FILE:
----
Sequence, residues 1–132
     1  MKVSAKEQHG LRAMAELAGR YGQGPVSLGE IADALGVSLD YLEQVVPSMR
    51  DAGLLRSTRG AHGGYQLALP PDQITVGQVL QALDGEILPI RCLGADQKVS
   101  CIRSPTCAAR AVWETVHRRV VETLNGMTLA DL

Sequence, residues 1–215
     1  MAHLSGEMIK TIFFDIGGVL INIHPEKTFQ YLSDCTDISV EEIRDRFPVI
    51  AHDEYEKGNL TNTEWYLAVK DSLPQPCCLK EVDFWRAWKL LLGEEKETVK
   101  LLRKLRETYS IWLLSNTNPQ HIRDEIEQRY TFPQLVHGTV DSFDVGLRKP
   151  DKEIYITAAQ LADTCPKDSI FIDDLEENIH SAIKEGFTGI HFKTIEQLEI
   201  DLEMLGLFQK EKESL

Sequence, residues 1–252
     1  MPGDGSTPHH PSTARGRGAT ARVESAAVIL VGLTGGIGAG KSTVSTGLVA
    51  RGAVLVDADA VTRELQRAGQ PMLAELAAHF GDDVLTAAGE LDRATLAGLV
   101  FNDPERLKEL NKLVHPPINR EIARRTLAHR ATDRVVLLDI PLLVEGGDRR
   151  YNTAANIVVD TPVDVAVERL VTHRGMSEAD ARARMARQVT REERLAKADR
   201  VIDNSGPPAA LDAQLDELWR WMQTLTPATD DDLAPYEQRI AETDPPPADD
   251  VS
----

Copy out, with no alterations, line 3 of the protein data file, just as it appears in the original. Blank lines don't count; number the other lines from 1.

    51  DAGLLRSTRG AHGGYQLALP PDQITVGQVL QALDGEILPI RCLGADQKVS